Seagoing cowboy L. W. Shultz unites Warsaw, Indiana, with Warsaw, Poland, 1945

A side story from Heifer Project’s S. S. Santiago Iglesias trip to Poland, of the two previous posts, revolves around Indiana seagoing cowboy L. W. Shultz.

L. W. Shultz photo and autograph in cowboy supervisor Clifton Crouse’s scrapbook. Courtesy of Merle Crouse.

One of those larger than life figures in the Church of the Brethren, with his fingers in many pots, Shultz was instrumental in the formation of the Brethren Service Committee (BSC) in 1939. He served on the committee through the years of World War II and was therefore involved in the creation of the Heifer Project, a BSC program.

In 1942, the year Heifer Project began, Shultz took a leave of absence from his duties as professor and librarian at Manchester College to work more actively with the BSC’s development of their relief work. So it comes as no surprise that when Heifer Project was preparing to send its first shipment of heifers to Poland in the fall of 1945, they called on Shultz to serve as cowboy foreman for the trip. He was sent to the UNRRA headquarters in Washington, D.C., to make arrangements.

Shultz was a mover and a shaker who didn’t miss out on opportunities. Somehow, through the Deputy Prime Minister of Poland, who was also the Minister of Agriculture and who was in Washington, D.C., at the same time as Shultz, Shultz made arrangements to take a trip to Warsaw while his ship was in Poland. And somehow, it developed that the city of Warsaw, Indiana, sent a gift of $1,000 with Shultz to be presented to the Mayor of Warsaw, Poland. The slowness in unloading the livestock and cargo off the S. S. Santiago Iglesias gave Shultz ample time for a three-day trip to Warsaw to deliver the monetary gift from Indiana.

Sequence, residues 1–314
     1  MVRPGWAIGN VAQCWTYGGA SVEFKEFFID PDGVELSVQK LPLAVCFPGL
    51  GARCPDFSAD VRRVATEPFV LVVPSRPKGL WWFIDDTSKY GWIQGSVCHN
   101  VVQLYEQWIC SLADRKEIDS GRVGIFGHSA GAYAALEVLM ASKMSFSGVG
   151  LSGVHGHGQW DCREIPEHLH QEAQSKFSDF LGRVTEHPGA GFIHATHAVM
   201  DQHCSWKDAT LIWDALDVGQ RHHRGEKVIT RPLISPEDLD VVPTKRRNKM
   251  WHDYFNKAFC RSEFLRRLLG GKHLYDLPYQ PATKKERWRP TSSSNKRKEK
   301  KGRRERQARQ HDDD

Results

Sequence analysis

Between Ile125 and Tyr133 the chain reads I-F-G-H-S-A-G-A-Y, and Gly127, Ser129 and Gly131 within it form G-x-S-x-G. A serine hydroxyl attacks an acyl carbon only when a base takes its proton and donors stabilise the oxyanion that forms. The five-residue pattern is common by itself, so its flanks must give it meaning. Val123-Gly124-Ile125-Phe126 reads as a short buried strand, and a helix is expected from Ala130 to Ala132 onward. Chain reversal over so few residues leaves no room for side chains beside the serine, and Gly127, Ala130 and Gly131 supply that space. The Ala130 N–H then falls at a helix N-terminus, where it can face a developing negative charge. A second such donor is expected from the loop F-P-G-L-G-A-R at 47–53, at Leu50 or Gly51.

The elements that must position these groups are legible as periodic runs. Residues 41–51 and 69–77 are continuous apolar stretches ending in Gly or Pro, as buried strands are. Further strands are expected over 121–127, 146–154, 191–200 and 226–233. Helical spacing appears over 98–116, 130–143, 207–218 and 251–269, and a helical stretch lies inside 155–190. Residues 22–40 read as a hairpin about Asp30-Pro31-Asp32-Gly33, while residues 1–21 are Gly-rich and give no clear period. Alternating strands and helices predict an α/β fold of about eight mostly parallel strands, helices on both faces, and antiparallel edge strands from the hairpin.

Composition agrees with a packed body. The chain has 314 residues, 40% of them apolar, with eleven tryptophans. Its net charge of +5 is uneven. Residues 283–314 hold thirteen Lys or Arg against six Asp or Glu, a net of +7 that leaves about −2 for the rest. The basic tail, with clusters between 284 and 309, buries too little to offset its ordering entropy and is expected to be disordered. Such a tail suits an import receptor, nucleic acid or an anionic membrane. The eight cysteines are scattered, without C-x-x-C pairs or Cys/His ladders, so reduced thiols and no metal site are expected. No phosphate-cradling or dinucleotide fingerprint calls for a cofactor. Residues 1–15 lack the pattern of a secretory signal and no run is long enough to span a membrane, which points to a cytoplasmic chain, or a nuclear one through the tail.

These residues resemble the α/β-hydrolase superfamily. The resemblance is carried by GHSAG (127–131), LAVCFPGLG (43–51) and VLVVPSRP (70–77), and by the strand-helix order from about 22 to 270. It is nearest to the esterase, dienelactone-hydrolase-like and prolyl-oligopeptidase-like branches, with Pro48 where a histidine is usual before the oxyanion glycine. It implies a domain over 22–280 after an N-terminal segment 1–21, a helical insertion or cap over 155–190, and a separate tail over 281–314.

L. W. Shultz, left, greeting Mayor Stanislaw Tolwinski in his office in Warsaw, Poland, December 1945. Photo courtesy of the Shultz family.

A year later, in November 1946, Shultz went as cowboy supervisor and foreman with another load of Heifer Project cattle to Poland, this time on the SS William S. Halsted. Before leaving home, Shultz had arranged for himself and three other cowboys to stay in Poland to lay plans for Brethren Service Committee work there. In his autobiography Shultz writes, “Our captain was determined that we all should return [to the United States] with him but on the last night in port we four went ashore AWOL and stayed over night in the home of an old cobbler. The next morning we went down to the dock just in time to see the ship pull out.”

During their travels, the foursome visited heifer recipients and distributed relief supplies they had brought along. Shultz’s service to Poland on both trips did not go unrecognized by the Polish people. In a December 3, 1945, thank you letter from the mayor of Warsaw, Poland, to the mayor of Warsaw, Indiana, for their monetary gift, Mayor Tolwinski writes,

As Mayor of the City of Warsaw, the most ruined city of all by the Hitler barbarism, I have the privilege to extend to you through Mr. Lawrence Shultz my heartiest brotherly greetings to you personally, and through you to the people of the City of Warsaw, Indiana U. S. A.

We are proud that the tradition of the struggle for freedom in the United States in which our Polish warriors took part, is still so deeply alive among the American Society as to express itself in giving the name of our city to an American City.

One of those warriors to whom Mayor Tolwinski refers was Tadeusz Kosciuszko, born in Poland in 1746. He came to America in 1776 to help during America’s war of independence, becoming a Brigadier General of the Continental Army. He remains to this day a symbol of Polish-American goodwill. A medal created on the bicentennial of Kosciuszko’s birth in 1946 was presented to Shultz on his second visit to Warsaw, Poland – a fitting tribute, as the city of Warsaw, Indiana, resides in Kosciusko County, named after the General. The medal now resides in the library of Manchester University [previously College] where Shultz spent so many years as librarian.

Kosciuszko medal awarded to L. W. Shultz. Photo: Peggy Reiff Miller.

Kosciuszko medal awarded to L. W. Shultz. Photo: Peggy Reiff Miller.

Meeting Heifer Recipients in Poland, Part I–Suchy Dab, 1945